Appearance and Reality - Research Article from Encyclopedia of Philosophy

This encyclopedia article consists of approximately 12 pages of information about Appearance and Reality.
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Looks and Appearances

Seeming Idioms

Seeming idioms have nothing strictly to do with the senses; looking idioms characteristically do. From the evidence at hand, it may appear, or look as if, there will be an economic recession within the year. The characteristic uses of seeming idioms are to express what one believes is probably the case, to refrain from committing oneself, or to express hesitancy about what is the case. (Compare G. J. Warnock, Berkeley, p. 186: "The essential function of the language of 'seeming' is that it is noncommittal as to the actual facts.") Hence, "I know that X is Y, but it appears (to me) that it is not Y" is odd or paradoxical in much the same way as is "I know that X is Y, but it may not be the case that it is." From "X appears to be Y" (though not "merely...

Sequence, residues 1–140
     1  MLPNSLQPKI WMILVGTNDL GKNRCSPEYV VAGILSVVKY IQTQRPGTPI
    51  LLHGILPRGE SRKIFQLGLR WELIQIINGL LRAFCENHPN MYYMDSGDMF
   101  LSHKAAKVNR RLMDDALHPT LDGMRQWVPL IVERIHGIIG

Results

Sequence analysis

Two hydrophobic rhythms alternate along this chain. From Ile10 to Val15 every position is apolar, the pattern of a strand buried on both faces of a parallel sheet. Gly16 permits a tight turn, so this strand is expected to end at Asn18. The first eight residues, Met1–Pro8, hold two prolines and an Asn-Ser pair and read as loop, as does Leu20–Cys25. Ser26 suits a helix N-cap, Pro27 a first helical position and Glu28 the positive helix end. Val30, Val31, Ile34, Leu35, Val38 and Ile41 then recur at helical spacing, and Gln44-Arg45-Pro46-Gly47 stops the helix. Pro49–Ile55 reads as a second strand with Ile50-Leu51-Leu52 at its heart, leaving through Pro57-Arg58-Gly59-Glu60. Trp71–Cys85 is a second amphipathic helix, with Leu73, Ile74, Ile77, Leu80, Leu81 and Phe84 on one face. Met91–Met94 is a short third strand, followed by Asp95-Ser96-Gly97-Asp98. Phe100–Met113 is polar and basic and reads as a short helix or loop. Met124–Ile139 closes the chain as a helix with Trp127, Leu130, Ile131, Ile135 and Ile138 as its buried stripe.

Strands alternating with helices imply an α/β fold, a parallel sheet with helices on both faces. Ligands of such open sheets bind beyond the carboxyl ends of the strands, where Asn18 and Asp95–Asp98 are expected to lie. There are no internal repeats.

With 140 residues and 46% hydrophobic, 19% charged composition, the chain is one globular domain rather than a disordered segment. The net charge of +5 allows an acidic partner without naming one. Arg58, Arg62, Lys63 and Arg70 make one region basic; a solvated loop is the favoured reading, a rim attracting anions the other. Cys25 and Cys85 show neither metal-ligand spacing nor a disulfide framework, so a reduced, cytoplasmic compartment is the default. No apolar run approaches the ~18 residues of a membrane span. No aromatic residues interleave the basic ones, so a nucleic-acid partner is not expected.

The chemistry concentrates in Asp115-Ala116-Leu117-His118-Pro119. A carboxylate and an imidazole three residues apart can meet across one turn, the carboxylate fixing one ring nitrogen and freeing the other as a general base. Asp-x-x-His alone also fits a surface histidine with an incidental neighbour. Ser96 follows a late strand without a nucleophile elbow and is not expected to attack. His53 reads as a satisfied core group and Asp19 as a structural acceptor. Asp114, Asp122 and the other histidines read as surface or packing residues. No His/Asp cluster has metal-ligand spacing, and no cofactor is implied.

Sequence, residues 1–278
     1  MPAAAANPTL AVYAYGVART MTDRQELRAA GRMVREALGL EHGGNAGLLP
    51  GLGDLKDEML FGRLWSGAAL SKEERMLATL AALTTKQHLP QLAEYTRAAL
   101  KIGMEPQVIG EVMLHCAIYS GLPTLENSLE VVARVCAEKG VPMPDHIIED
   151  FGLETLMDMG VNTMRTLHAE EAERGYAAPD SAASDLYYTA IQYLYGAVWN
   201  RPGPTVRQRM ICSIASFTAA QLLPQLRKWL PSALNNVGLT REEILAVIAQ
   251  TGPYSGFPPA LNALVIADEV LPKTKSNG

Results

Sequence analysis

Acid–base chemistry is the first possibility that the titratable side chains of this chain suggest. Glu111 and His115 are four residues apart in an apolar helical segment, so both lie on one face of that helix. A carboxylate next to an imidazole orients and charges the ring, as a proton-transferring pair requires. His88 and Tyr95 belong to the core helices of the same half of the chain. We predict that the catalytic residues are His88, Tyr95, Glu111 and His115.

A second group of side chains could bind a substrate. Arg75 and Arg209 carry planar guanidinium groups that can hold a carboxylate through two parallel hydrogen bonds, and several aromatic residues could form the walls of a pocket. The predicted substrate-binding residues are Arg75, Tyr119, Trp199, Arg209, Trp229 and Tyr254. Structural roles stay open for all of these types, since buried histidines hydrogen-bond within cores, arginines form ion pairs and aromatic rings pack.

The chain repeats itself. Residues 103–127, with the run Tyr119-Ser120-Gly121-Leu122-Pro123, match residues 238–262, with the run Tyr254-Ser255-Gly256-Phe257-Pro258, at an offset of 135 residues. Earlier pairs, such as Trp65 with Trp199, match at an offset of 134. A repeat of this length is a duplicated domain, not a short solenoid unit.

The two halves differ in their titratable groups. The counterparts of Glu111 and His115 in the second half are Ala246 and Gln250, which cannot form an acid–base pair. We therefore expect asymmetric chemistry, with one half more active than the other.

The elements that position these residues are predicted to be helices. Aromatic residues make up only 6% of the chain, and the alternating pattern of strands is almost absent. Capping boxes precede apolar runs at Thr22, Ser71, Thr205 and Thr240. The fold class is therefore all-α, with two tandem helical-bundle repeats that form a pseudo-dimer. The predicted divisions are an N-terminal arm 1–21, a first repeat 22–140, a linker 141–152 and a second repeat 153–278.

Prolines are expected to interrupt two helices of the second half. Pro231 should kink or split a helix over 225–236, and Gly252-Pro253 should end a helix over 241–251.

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This section contains 3,384 words
(approx. 12 pages at 300 words per page)
Buy the Appearance and Reality Encyclopedia Article
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Encyclopedia of Philosophy
Appearance and Reality from Encyclopedia of Philosophy. Copyright © 2001-2006 by Macmillan Reference USA, an imprint of the Gale Group. All rights reserved.
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